KP International recently presented a customized virtual seminar for a group of Dutch innovators as part of their “digital mission”…
KP International recently hosted a webinar on global health care trends in 2021, featuring Chris Watney, CEO of the International Federation of Health Plans, and Vivian Tan, Kaiser Permanente’s Vice President of Strategic Information Management and Global Relationships.
Chris began the session by highlighting the health care trends that have remained consistent across many countries both prior to and during the pandemic. The pursuit of cost efficiency and affordability continue to be top priorities for payors, as does the pursuit of seamlessly orchestrated care that is patient oriented.
Chris and Vivian noted several emerging trends and shifts, many of which are “silver linings” discovered in a difficult year fighting COVID-19:
Takeaways from the webinar
1. Big shifts in momentum for change. With the rapid uptake of virtual care, the shift to identifying the best solutions and experiences at a much faster pace is a positive trend.
2. Consumer expectations for health and wellness. Expectations are “off the chart” around both experience and engagement.
3. Increased attention on mental health. Vivian noted growing concerns around mental health within 3 populations: the elderly, who have been isolated during COVID; children and youth, who are experiencing more mental health conditions and increased risk of self-harm; and employees in the workplace, especially front-line health care providers. Chris noted that internationally, payors are considering mental health more like physical health and are taking a more understanding approach in underwriting patients with mental health conditions.
4. Payors as ringmasters. For international systems that are not integrated, Chris noted that where there are incentives to work efficiently, payors are stepping into the role of “ringmaster” and helping organize entities to construct an integrated approach to care.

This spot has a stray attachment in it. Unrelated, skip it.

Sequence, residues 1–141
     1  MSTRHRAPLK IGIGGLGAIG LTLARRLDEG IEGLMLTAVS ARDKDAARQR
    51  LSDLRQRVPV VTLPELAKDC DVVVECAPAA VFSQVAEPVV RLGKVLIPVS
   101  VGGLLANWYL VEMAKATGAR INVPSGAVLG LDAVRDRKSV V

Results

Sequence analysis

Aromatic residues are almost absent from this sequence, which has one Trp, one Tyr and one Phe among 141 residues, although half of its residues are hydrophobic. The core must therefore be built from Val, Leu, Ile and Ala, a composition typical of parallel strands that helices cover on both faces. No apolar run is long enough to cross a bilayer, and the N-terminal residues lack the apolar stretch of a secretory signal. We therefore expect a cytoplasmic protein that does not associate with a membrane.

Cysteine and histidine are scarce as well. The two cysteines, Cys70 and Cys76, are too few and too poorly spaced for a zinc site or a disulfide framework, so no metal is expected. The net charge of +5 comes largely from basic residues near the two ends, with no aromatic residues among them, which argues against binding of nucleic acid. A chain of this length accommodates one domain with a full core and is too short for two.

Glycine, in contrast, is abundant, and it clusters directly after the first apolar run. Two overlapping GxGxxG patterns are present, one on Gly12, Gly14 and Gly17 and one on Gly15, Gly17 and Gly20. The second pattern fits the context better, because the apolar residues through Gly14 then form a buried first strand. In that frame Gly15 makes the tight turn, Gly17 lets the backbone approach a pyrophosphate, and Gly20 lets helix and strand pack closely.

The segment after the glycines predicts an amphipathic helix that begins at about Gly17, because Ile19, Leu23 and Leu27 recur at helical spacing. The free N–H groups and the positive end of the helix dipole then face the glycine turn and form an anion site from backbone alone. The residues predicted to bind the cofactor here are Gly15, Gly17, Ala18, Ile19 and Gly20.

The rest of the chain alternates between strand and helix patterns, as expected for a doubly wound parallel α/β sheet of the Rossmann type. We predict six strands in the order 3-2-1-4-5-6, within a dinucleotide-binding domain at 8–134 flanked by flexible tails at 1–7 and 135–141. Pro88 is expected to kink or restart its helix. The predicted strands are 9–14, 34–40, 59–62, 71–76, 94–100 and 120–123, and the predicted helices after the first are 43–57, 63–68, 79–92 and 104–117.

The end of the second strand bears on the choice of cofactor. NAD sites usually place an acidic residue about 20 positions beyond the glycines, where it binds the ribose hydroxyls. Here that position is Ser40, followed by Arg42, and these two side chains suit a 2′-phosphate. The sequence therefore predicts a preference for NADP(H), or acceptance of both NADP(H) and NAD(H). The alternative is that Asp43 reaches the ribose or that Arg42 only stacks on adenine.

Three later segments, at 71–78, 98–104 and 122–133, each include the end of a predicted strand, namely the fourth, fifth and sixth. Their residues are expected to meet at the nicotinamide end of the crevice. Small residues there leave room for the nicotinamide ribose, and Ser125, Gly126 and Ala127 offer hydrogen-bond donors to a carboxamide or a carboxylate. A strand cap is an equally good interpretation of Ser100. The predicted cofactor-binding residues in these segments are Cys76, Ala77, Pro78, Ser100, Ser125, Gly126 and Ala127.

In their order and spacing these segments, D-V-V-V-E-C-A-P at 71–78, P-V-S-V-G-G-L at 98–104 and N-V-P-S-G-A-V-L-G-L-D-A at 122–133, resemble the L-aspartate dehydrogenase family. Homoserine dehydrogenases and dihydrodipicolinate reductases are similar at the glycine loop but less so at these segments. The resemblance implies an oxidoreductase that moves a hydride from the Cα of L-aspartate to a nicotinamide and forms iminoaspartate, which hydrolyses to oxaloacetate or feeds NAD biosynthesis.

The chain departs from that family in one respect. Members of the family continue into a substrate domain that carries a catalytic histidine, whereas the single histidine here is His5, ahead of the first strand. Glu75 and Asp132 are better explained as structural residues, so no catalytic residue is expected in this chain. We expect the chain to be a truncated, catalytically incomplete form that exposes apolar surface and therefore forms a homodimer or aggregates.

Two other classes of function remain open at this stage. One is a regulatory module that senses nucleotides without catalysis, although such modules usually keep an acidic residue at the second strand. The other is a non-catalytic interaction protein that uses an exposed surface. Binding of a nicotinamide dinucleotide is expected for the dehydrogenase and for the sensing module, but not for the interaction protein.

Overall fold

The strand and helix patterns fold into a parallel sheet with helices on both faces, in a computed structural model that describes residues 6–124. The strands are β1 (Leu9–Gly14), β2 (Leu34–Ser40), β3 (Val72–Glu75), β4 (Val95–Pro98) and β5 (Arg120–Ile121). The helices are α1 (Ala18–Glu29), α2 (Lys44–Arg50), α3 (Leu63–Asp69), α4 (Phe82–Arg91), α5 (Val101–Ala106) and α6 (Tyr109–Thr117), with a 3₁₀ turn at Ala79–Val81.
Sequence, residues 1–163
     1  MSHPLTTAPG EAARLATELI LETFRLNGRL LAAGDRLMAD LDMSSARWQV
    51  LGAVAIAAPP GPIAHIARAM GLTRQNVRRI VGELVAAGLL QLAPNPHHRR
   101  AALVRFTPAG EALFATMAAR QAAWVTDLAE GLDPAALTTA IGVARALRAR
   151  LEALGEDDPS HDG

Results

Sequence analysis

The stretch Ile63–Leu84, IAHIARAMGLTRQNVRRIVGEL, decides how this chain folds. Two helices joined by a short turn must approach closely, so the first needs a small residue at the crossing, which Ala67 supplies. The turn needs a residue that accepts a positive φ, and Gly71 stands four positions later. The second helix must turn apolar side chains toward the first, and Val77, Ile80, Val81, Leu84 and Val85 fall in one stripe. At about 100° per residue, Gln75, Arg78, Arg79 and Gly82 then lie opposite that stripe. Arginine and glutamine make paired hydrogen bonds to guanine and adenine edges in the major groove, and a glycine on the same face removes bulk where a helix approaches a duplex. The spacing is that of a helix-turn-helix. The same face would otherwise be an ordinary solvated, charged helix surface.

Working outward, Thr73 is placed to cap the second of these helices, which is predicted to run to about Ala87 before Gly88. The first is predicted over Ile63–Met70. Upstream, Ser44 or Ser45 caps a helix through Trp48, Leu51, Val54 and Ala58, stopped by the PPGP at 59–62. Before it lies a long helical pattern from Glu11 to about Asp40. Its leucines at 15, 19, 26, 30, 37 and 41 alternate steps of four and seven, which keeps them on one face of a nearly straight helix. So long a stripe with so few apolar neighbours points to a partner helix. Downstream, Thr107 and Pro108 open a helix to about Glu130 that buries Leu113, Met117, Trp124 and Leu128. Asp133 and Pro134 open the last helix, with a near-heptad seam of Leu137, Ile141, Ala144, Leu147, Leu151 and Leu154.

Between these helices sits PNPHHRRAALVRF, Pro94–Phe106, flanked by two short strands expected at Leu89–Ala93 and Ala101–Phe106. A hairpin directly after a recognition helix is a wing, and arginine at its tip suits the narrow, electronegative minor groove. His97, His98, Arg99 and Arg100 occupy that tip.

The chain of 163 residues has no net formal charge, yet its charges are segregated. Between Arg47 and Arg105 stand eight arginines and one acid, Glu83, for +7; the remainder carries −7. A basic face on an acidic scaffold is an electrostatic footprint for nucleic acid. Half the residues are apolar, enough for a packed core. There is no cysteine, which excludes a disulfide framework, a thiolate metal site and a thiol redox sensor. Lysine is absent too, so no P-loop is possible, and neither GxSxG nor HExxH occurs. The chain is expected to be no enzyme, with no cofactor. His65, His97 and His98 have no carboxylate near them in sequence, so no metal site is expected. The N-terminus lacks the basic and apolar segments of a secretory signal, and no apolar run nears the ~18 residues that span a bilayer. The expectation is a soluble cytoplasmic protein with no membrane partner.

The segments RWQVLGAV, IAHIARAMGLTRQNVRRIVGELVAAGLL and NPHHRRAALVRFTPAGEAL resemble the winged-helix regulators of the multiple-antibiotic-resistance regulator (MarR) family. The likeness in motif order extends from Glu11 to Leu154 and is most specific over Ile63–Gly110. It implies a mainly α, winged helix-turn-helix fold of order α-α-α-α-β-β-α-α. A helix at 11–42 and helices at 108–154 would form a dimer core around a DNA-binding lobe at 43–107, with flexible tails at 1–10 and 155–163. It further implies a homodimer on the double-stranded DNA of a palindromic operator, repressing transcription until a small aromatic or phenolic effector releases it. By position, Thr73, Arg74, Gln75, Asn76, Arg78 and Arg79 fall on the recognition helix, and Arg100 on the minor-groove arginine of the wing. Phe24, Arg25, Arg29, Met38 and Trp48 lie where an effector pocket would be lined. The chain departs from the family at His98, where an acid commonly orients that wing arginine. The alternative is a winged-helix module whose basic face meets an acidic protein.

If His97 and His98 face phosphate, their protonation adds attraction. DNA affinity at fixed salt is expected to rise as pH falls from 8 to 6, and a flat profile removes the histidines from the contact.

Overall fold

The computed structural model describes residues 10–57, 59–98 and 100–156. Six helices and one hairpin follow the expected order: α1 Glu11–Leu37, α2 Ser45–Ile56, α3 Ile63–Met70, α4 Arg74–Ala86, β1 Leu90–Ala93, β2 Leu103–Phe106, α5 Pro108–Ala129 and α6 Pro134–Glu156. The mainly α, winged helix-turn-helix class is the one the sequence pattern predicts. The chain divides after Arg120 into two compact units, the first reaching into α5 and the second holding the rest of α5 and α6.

5. Social determinants of health and racial disparities in care. COVID-19 and the social justice movements of 2020 put systemic racial inequities in the U.S. and elsewhere in the spotlight.
6. Public-private collaboration. As public and private entities increasingly work together, collaboration will continue amid recognition of the need for strong public health infrastructure.
7. Crisis standards and simplification. Finally, as health systems are sometimes forced to operate under “crisis standards” while addressing the pandemic, some processes that the health care industry has taken for granted have been simplified. Here’s to keeping the streamlined approaches as we move forward!
Selected Q&A and more topics to note
A question came up about approaches to COVID-19 vaccine distribution, in light of general ethnic and racial disparities in acceptance of vaccines. Kaiser Permanente’s approach is 3-pronged: through employees sharing their stories about deciding to be vaccinated; through partnerships with public health organizations; and by outreach to community hubs where people gather, including faith-based and community organizations.
Deferred care: Chris mentioned that the International Federation of Health Plans did a study in late 2020 and found that while elective surgeries had been put on hold, health systems quickly ramped up and were able to manage both COVID and regular care.
Vivian noted that there is likely high demand for some services that had been delayed. For example, to accommodate the increased demand for mental health services, Kaiser Permanente continues to test the options for group therapy and peer-to-peer support that have been used effectively for other conditions and can be expanded.
The demise of Haven: While this Amazon-Berkshire Hathaway-JP Morgan Chase venture would likely have been disruptive first to the United States, many international health systems were watching with interest. A likely challenge Haven faced was that in their effort to reform the commercial group insurance side of health care, they also needed to have provider-side reforms. It is recognized that both coverage and care reform is required to drive system change. For example, two-thirds of US counties have only 1 major provider. Vivian points out that this is likely not the end of Haven, and we continue to expect future market innovation and disruption.
We appreciated hearing what Chris and Vivian believe 2021 holds for health care — a hopeful outlook overall. Focusing more on the patient, leveraging the momentum generated in response to COVID, and addressing critical care disparities are all positive outcomes of a truly disruptive and remarkable year.
Be sure to join KP International for the continuing seminar series Integrated Health Care in Action, with monthly webinars on Tuesdays from February to June. Register now at kp.org/international.
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